It was time. I had spoken with the neighbors, letting them know I would be away for a spell. Those I had hired to see to things while I was away knew what they were to do in my absence. All that was left to do was begin the journey.

I gathered the things I had put by the door the night before, but there was too much to take all at once, so I left a bit for another trip.

I made for the door with my bags, fretting the fuss Dandi would put up. I thought of the two companions that I was dragging with me on this road.

“May we go safely,” I whispered. “May we go safely.”

I dropped the letters I had written in the post, then went to fetch Dandi.

I began tying the bags to her saddle. “Easy, girl” I said soothingly. “It is not so bad, is it?” To my surprise, she did not put up much of a fuss at all. She seemed distracted by something.

“I bet it is the road ahead,” I mused, stroking her neck after settling the last bag I had brought out with me upon her saddle. “Just a little more, girl. I will be right back with them, and then we can go.”

I headed back inside, rubbing my hands together to get the blood back into them after carrying out my things…

—but upon my return, Dandi was nowhere in sight.

I dropped my bags and ran to the fence to look for her. “Dandi!” I cried out, but she did not appear. I was only inside for a minute, so I knew she could not have gone far.

I went back over to near the front step where I had left the bags, calling out to her all the while. “Dandi! We have to go!” It was then that I heard rustling coming from over my shoulder.

I turned to see Dandi sneaking out from behind the side of the house, making breakfast of my daisies…

“Dandi, from whom did you learn to skulk like that?” I asked her with a sigh. She shook her head at me and whinnied, the one that always sounds like she is laughing at me.

I beckoned her over, and she came to me. I let her nuzzle me gently and rest her head on my shoulder. “You are too much, girl” I whispered in her ear, hugging her about her neck. “At least I know what was distracting you earlier,” I said with a laugh. Her little trick had chased away my uneasiness and the unrest of the night before.

But it was time to away, so I hung the last few bags to her saddle. Together, we walked the path that led to the street that would take us out of the homesteads and start us on an uncertain journey. We rode to war, to our small part in what was to come.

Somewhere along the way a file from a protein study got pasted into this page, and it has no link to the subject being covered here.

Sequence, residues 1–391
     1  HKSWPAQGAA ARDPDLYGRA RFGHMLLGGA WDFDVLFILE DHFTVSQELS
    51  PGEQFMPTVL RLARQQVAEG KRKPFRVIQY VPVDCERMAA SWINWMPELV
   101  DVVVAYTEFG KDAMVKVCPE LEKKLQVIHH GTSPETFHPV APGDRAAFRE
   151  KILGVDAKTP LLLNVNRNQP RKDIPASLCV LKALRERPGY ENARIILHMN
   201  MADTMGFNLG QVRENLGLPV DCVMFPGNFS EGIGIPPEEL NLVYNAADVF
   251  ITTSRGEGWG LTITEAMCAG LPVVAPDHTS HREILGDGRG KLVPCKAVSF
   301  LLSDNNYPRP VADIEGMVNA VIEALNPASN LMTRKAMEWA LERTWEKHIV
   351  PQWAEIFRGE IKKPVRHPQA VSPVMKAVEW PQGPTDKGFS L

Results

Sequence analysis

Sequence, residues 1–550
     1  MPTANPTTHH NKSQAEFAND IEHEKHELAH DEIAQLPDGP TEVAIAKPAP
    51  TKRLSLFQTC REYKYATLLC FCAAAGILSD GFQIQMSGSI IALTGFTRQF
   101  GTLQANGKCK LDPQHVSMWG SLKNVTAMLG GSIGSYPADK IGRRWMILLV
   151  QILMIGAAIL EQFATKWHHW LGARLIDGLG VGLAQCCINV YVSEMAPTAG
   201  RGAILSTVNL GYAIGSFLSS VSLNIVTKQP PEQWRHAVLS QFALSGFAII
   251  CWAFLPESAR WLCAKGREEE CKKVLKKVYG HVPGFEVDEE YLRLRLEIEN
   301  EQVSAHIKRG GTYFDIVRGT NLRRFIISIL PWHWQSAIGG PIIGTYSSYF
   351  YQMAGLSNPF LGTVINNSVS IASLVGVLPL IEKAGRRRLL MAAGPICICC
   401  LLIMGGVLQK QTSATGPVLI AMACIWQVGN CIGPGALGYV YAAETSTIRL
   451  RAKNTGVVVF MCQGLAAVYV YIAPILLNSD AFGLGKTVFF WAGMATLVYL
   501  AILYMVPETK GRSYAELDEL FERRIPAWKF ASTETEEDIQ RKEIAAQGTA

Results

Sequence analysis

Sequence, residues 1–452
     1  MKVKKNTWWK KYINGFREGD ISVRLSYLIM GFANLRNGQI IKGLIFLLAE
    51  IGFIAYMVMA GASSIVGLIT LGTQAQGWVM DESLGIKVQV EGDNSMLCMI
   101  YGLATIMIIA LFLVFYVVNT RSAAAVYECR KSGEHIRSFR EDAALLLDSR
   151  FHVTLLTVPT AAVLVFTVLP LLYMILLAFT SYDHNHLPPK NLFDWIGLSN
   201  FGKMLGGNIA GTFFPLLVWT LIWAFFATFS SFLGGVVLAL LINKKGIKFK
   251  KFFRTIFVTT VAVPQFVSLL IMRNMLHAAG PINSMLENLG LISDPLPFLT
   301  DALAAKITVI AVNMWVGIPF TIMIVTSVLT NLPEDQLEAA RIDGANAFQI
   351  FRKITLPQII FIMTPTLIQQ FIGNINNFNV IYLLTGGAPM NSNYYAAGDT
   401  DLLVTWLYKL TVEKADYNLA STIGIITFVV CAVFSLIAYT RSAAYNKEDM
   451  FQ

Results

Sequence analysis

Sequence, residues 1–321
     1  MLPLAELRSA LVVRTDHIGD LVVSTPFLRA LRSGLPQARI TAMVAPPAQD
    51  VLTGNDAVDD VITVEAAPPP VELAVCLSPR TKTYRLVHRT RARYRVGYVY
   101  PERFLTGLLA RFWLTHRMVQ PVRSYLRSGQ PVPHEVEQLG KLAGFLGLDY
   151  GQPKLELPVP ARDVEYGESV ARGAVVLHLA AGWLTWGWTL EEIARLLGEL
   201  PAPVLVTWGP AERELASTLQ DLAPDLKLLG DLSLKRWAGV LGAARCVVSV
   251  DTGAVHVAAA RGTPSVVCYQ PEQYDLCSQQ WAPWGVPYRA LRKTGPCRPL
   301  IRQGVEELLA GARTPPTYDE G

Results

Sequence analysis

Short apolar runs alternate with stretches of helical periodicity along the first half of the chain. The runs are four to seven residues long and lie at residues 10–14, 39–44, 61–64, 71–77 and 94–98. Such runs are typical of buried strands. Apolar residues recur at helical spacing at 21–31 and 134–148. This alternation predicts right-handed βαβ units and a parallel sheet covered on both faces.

As we began on our way, I turned to look homeward once more. The day was just starting, the dawn bright with promise. All was quiet and tranquil. There was not a hint to be found of the need for the journey we meant to undertake.

May all the blessings held by the stars alight upon those who endeavor to make it so.

As I began to turn away, the daisies in the garden caught my eye. I looked to my friend, always spirited and always faithful, who had carried me down so many paths, and I could not let the moment pass.

I gently pulled on Dandi’s reins, to circle her back toward home. Once we were out front, I dismounted and asked her to stay still. She pawed at the cobblestones but did not move, so I turned up the path.

I ran over to fetch some of the daisies. I took three in one hand and the rest in the other before going back over to her.

I stood before her, with the three daisies held behind my back and the rest between the two of us. “We will be sisters today and wear these flowers for luck on our journey,” I told her. “What do you think of that, girl?”

Dandi walked up to nuzzle me again before having at the daisies I held before her.

I smiled and shook my ahead, “No, you just want them to eat them, don’t you?”

She was so dear to me.

We finally set out once again. As Dandi slowly walked toward the homestead gate, I leaned forward in the saddle, twisting the stems of two of the daisies I had kept hidden from her about the thin straps of her bridle, near each of her ears. I took the last daisy and tucked it behind my ear.

“We go to war,” I whispered once again.

We passed through the homesteads and took the westward road toward Bree-town. I knew that Deverell would not have had time to see to everything she had meant to already, so we went slowly, taking a leisurely pace.

I have been away, in distant lands so often, and what little time I have spent while home my thoughts were distant still…

…preparing for the next journey, looking for the next place to lend aid…

…I had forgotten how truly beautiful Bree-land is… worth uncertain journeys by those in distant lands to fight to save, even as we journey to do the same in lands far-distant as well…

…wherever our roads take us, wherever we are carried by breezes before we come to settle in the place where we can do the most good, in time the stakes are the same for all.

We approached the southern gate into town as night was falling. I scratched Dandi behind her ears and whispered, “It was a lovely day to spend with you, Sister. We will get you settled and both find our rest for the night. Deverell should not be too long.”

I took one last look about as we entered the gate to help me remember the day. After Dandi was settled, I took a room at the Pony and slept through the night.


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